* A large persistent slab avalanche was triggered yesterday on the north side of Castle Peak at 8,600' by human triggered collapse of a small car-sized cornice. There were numerous ski, snowboard, and snowmobile tracks all over the area, including on the specific slope before the avalanche occurred.

* Reports were received of other large human triggered cornice collapses that did not trigger avalanches on NW aspect terrain from the Broncho Chutes on Relay Peak (Mount Rose area) and from NE aspect terrain on Little Alaska near Twin Peaks (Ward Canyon area).

* Recent snowpit data from along the Sierra Crest has indicated improving stability on the weak layers of faceted snow deeply buried below the Jan 5-7 storm snow. All available data indicates this problem is difficult to trigger (stubborn) and requires large triggers to create avalanches.

* A small (size D1) wind slab avalanche with a 6 inch crown was triggered by a snowboarder yesterday on the north side of Castle Peak.

* Snowpit data and other observations have indicated an absence of the persistent slab problem in the Mount Rose area.

Weather and CURRENT CONDITIONS
weather summary

Decreasing cloud cover and light ridgetop winds are expected today. Quiet weather will last through Sunday with an increase in ridgetop wind speeds. The potential for light snowfall returns to the forecast area late Sunday night. A major storm system is forecast for the Tuesday-Thursday timeframe. Check with NWS Reno for details on the upcoming storm cycle.

Weather observations from along the Sierra Crest between 8200 ft. and 8800 ft.
0600 temperature: 21 to 29 deg. F.
Max. temperature in the last 24 hours: 33 to 43 deg. F.
Average wind direction during the last 24 hours: SE
Average wind speed during the last 24 hours: 12 mph
Maximum wind gust in the last 24 hours: 33 mph
New snowfall in the last 24 hours: 0 inches
Total snow depth: 46 to 53 inches
Two-Day Mountain Weather Forecast Produced in partnership with the Reno NWS
For 7000 ft. to 8000 ft.
Saturday Saturday Night Sunday
Weather: Mostly cloudy then becoming partly cloudy. Snow levels below 7000 feet. Chance of precipitation is 0%. Clear. Snow levels below 7000 feet. Chance of precipitation is 0%. Sunny. Snow levels below 7000 feet. Chance of precipitation is 0%.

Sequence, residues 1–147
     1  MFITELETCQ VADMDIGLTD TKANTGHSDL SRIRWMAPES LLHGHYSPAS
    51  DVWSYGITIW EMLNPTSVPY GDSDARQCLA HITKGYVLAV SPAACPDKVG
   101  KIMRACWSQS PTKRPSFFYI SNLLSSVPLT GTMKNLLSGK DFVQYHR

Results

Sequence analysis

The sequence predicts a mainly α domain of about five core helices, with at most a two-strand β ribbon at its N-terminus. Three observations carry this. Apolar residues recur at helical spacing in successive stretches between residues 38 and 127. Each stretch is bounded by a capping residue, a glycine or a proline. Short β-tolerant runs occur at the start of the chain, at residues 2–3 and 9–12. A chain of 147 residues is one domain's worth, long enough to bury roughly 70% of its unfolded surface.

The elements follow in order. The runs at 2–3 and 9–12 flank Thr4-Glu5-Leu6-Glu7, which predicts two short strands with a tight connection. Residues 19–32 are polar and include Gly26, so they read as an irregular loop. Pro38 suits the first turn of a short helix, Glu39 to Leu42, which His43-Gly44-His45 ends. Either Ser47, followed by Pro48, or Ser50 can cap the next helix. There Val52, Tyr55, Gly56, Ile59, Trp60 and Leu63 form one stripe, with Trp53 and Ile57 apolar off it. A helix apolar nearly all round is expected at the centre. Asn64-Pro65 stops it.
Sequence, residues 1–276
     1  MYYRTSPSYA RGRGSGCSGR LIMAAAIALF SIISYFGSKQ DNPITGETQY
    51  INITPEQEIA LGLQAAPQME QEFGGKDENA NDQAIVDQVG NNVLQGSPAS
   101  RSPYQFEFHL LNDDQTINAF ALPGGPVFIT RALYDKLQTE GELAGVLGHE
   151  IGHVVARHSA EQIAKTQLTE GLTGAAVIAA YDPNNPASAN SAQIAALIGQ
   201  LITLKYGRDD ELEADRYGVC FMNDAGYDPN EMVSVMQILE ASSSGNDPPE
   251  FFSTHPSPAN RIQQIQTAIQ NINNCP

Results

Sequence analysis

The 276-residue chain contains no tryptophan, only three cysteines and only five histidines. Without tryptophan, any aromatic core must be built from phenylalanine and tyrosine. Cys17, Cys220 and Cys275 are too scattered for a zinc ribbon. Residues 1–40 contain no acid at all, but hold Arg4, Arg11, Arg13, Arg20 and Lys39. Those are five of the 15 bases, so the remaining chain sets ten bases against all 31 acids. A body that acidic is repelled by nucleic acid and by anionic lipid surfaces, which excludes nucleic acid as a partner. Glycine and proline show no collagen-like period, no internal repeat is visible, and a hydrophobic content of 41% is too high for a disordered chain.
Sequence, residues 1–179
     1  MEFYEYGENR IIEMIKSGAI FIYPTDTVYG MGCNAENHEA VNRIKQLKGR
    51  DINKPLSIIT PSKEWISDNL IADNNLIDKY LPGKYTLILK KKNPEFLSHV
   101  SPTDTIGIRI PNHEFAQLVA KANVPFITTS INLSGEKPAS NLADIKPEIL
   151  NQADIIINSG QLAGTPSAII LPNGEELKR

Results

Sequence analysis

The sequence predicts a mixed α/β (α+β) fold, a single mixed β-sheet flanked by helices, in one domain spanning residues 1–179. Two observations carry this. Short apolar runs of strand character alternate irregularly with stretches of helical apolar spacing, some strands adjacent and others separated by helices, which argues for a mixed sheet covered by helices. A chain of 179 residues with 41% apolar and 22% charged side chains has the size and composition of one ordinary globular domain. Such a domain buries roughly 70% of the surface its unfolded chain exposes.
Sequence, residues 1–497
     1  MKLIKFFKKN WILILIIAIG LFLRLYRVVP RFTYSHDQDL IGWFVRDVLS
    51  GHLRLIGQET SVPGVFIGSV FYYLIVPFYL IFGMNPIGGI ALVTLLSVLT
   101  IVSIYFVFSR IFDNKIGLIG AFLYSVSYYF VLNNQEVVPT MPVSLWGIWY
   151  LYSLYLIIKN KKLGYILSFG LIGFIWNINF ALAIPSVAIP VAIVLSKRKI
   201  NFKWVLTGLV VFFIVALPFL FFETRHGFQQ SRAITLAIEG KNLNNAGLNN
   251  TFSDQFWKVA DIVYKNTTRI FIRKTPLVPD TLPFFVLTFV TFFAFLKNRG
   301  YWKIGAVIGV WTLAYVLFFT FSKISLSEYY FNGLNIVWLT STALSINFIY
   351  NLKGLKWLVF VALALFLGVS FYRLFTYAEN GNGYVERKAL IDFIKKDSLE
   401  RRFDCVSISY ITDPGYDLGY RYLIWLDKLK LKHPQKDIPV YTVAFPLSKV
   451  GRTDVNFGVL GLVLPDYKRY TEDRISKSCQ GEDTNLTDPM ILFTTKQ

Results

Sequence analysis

Temperatures: 34 to 39. deg. F. 17 to 23. deg. F. 31 to 37. deg. F.
Mid Slope Winds: East around 10 mph. East around 10 mph. East around 10 mph.
Expected snowfall: No accumulation. | SWE = none. No accumulation. | SWE = none. No accumulation. | SWE = none.
For 8000 ft. to 9000 ft.
Saturday Saturday Night Sunday
Weather: Mostly cloudy then becoming partly cloudy. Snow levels below 7000 feet. Chance of precipitation is 0%. Clear. Snow levels below 7000 feet. Chance of precipitation is 0%. Sunny. Snow levels below 7000 feet. Chance of precipitation is 5%.
Temperatures: 31 to 37. deg. F. 15 to 20. deg. F. 28 to 34. deg. F.
Ridge Top Winds: East 10 to 20 mph. East 15 to 25 mph. Gusts up to 30 mph increasing to 40 mph after midnight. Southeast 15 to 25 mph with gusts to 35 mph.
Expected snowfall: No accumulation. | SWE = none. No accumulation. | SWE = none. No accumulation. | SWE = none.
Disclaimer

This avalanche forecast is provided through a partnership between the Tahoe National Forest and the Sierra Avalanche Center. This forecast covers the Central Sierra Nevada Mountains between Yuba Pass on the north and Ebbetts Pass on the south. Click here for a map of the forecast area. This forecast applies only to backcountry areas outside established ski area boundaries. This forecast describes general avalanche conditions and local variations always occur. This forecast expires 24 hours after the posted time unless otherwise noted. The information in this forecast is provided by the USDA Forest Service who is solely responsible for its content.

For a recorded version of the avalanche forecast call (530) 587-3558 x258